You know that smokey tempeh we made on Tuesday? Today we're going to class it up a bit. Here's how this recipe came about:
1) I had this big beautiful heirloom tomato sitting on my counter for a few days last week before I figured out what I wanted to do with it. After spending almost 4 dollars on one piece of vegetable-like fruit, I just did not feel comfortable hiding it between slices of bread. No, I'm gonna let it shine.
2) I managed to bring home some serious grits. When I was living in Shreveport and read through every book on Southern cooking that I could find in the excellent local library, I kept coming across a chefy insistence on Anson Mills stone-ground grits. I discovered that I could order them straight from the mill in South Carolina, or drive 6 hours to the Whole Foods in New Orleans, or ironically, purchase them with ease in Los Angeles from Surfas. So finally, now that I am back in Southern California I have some honest to god grits.
(I love Surfas. Chances are, if you've looked everywhere for some obscure ingredient or tool, and just can't find it, Surfas has got you covered. Plus, it's just so much fun to wander the aisles and play restaurant, picking out your industrial mixer and wiener warmer. Also, they sell bakery boxes individually which can't help but make a hastily decorated cake or sloppy pie crust look professional.)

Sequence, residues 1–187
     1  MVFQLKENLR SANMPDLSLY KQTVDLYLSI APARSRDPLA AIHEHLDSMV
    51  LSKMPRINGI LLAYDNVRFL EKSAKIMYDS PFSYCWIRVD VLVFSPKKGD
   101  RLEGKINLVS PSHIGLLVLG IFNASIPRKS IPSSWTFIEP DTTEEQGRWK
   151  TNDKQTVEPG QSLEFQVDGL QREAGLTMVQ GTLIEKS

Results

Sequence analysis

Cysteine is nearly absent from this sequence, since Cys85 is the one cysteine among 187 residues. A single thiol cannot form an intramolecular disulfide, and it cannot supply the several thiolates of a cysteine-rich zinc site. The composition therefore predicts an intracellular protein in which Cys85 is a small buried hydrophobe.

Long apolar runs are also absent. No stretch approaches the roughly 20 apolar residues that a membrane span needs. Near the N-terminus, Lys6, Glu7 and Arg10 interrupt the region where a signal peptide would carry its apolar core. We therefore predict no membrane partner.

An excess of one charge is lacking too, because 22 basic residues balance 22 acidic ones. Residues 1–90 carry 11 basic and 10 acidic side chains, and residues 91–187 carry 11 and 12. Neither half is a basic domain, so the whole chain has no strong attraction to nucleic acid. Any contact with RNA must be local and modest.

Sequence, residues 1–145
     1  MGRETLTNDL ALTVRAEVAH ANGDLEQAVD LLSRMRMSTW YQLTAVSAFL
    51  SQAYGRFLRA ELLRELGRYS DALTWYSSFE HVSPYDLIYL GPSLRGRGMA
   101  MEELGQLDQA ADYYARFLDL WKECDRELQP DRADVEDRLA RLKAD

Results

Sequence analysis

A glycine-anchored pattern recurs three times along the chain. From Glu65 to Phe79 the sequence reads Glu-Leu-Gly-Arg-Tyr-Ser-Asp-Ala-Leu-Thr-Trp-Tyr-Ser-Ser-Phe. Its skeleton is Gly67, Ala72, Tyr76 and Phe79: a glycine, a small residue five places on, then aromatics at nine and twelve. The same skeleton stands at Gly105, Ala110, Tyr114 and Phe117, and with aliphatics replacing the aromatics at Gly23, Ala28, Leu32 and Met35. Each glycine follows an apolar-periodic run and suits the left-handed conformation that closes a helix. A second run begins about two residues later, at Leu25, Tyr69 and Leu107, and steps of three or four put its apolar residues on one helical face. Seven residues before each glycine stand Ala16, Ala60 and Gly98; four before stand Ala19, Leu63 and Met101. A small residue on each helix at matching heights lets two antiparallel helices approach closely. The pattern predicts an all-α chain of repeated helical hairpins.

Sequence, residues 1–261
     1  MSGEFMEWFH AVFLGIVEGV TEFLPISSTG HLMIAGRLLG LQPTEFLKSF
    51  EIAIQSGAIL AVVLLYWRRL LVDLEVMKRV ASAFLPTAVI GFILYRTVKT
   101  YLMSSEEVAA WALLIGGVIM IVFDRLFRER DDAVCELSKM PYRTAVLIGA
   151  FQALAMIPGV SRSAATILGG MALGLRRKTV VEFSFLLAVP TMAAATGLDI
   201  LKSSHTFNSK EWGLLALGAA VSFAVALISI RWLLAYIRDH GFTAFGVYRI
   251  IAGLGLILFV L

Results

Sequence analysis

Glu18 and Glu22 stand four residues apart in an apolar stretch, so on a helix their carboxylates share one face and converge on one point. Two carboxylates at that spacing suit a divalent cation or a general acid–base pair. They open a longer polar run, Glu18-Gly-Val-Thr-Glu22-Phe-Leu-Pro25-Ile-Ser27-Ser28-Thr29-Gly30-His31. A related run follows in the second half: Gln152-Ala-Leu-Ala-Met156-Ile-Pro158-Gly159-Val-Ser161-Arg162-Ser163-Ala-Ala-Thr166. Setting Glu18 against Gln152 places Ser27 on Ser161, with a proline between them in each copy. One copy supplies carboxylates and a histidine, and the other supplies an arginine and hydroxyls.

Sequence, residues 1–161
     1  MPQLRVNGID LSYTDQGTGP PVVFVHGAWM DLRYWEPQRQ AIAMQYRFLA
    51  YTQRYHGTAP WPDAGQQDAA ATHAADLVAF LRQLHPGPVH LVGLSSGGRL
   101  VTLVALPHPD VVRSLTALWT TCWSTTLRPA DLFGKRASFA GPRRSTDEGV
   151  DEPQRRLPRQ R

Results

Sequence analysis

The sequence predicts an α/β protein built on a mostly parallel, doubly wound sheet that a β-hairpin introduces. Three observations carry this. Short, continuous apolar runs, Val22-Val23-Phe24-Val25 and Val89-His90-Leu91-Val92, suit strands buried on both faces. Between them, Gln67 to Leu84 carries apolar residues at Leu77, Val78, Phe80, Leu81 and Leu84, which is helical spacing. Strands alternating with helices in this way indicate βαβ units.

3) When I was reading all of those cookbooks and Louisiana Cookin' magazine, one of the most frequent recipes that I came across was for shrimp and grits. As I unpacked my Surfas bag and set my new carton of grits on the counter next to that pound of succulent deep coral tomato flesh, I knew what we were having for dinner.
Which was really unfortunate, because I had forgot how flippin' long it takes for flippin' stone-ground grits to flippin' cook. 2 hours. With a lot of stirring. So after we made the boy a bowl of cereal I set to cooking, and the Paul and I ate dinner all cosmopolitan grown-up style at 9 PM and went to bed on incredibly unfashionable full stomachs shortly thereafter.
I have to say, the stone ground grits were absolutely worth it, but assuming you have the normal kind that you buy in the grocery store or that you have pre-soaked your grits like the lovely Anson Mills website advises, well then this is one easy meal with a luxurious pay-off. The smoky tempeh and creamy grits studded with little explosions of sweet corn just play so nicely with a perfect late summer tomato. We all loved this meal.
1 cup dry grits, cooked according to package instructions
1 ear corn
Prepare grits according to package or website directions. Near the end of cooking, stir in the kernals of one ear of corn. Scrape the cob with the back of a knife to get every last bit of luscious milk into the pot. If you've never done this you'll be surprised at how much corny goodness you've been missin'.
In a large skillet, heat olive oil over medium-low heat. Add garlic, chile flakes, and white part of the green onion. Cook for 2 to 3 minutes until softened and fragrant. Add tomatoes, onion tops, and fresh thyme and simmer for 5 to 10 minutes until tomatoes have given up some of their liquid, but still have some structural integrity. Season with salt, pepper, and lemon juice.
To serve: spoon grits into shallow bowls. Top with crumbled tempeh and a scoop of tomatoes. A sprig of fresh thyme would really make a nice garnish.